This world is further explored – and in a movie that I liked even more than Fincher's – in a documentary called Catfish by filmmakers Henry Joost and Ariel Schulman. Catfish is flat-out brilliant and everyone needs to go see it as soon as you can.

The film follows Ariel Schulman's brother Nēv, a New York photographer, as he begins an internet relationship with a seven-year old girl who is a painter and who lives in Michigan. The correspondence with the seven-year-old transforms into a regular correspondence with the little girl's nineteen-year-old sister Meghan, who is a dancer and who plays guitar. They correspond regularly, and though they meet through facebook, they begin talking on the phone, texting, emailing, etc. Then the filmmakers follow Nēv to Michigan to meet Meghan.

Do not let anyone tell you what they find there before you watch this movie.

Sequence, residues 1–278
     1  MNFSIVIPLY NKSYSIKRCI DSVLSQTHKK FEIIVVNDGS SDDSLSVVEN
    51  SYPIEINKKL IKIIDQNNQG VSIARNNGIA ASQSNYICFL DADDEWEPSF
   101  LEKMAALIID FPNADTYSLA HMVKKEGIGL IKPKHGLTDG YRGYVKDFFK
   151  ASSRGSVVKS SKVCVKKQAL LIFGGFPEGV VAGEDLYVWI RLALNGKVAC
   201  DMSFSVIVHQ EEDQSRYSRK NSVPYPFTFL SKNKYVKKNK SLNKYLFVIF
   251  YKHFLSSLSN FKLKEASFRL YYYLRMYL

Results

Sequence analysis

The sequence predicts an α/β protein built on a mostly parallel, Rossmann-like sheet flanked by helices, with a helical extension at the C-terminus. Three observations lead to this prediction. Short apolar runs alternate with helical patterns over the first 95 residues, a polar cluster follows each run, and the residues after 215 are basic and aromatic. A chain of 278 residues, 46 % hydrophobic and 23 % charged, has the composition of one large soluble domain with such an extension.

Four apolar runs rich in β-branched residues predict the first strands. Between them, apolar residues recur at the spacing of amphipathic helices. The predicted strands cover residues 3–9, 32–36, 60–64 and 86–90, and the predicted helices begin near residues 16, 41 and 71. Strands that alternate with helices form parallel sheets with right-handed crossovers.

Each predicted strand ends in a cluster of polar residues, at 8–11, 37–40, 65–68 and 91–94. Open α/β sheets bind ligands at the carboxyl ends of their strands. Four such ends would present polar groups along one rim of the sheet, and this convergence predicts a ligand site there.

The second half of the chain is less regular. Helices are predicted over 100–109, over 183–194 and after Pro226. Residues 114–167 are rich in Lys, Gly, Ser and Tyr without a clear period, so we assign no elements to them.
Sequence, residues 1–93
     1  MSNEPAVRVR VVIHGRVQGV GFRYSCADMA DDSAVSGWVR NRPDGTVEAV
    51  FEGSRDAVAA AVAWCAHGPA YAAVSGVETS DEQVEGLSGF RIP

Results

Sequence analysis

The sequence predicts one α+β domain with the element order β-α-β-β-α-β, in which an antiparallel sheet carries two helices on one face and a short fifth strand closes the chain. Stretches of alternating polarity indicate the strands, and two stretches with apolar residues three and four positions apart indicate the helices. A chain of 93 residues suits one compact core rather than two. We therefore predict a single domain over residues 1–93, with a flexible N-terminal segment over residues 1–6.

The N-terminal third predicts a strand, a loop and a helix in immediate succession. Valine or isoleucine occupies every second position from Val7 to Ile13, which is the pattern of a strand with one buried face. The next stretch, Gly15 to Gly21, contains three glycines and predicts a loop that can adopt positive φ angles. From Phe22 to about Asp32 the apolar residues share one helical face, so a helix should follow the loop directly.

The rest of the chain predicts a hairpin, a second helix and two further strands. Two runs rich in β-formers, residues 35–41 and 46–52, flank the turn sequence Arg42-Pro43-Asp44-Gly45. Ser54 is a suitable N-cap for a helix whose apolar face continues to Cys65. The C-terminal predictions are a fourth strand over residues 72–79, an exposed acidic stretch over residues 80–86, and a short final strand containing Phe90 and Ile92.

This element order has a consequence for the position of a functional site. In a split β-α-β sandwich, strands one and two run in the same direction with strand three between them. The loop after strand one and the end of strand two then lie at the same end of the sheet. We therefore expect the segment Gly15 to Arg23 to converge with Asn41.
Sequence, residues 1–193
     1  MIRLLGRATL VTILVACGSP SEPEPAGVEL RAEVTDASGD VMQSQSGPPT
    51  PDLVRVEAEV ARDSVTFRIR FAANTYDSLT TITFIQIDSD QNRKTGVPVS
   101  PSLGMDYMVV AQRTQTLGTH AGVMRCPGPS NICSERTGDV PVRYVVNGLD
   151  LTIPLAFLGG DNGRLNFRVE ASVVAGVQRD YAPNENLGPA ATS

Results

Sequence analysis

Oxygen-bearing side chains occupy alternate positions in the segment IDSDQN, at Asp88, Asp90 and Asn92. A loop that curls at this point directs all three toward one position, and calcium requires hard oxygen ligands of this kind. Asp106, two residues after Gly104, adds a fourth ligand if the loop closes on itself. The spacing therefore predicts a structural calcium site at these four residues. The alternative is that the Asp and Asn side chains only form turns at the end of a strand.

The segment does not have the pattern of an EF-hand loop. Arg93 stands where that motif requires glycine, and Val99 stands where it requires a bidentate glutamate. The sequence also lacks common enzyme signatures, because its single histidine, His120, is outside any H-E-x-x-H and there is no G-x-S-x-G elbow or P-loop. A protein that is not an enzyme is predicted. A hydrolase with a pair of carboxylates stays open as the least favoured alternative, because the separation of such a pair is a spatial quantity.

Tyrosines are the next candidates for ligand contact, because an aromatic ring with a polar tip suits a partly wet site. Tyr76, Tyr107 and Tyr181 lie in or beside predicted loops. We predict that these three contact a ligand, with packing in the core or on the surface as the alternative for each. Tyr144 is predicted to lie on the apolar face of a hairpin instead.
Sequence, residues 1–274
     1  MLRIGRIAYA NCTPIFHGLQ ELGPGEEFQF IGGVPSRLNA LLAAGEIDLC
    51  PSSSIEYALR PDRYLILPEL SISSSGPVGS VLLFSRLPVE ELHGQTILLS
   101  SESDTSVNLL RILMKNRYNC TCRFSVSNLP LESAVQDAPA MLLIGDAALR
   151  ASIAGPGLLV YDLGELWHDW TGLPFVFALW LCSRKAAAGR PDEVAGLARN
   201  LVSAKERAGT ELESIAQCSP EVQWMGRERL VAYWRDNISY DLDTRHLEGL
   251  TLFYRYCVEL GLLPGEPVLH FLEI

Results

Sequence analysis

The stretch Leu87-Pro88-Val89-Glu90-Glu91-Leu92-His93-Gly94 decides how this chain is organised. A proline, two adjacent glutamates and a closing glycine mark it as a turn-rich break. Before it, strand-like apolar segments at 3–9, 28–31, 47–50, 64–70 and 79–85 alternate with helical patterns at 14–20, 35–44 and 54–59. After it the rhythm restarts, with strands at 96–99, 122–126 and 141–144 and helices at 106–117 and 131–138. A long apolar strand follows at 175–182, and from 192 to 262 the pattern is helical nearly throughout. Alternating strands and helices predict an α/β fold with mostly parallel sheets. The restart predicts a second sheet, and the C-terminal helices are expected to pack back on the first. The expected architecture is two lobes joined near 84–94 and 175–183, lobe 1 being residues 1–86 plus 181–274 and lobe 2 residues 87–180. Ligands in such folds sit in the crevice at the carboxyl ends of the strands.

Every review of Catfish has danced around what the boys find when they get to Michigan, and I am not going to spoil it here. Part of the pleasure of the movie is the suspense that the movie builds. There are moments in Catfish when I was squirming in my seat I was so nervous about what they were going to find.

But Catfish is even more than a movie about great thrills and suspense. It (unlike The Social Network) is really a movie about how facebook has changed our real lives, and how the abilities to connect that facebook provides us have powerful impacts on us and how we see ourselves.

The final forty minutes of Catfish are a kind of double character study, exploring the power of the virtual, the real gravity of the imaginary – even when we know we are imagining it! Catfish figures out that there are real feelings in all of those online data, real emotions swept up in the pokes and the pictures and the tags and the status updates. Those projections – call them imaginary at your peril – affect us so profoundly, and they have become so much a part of who we are and how we understand ourselves, that to pretend that they are "just" words or "just" data or "just" pictures is not only foolish it is to fundamentally miss what it means to communicate in the twenty-first century.

I completely loved Catfish. Go see it. Take a friend. You will still be thinking about it weeks later. I promise.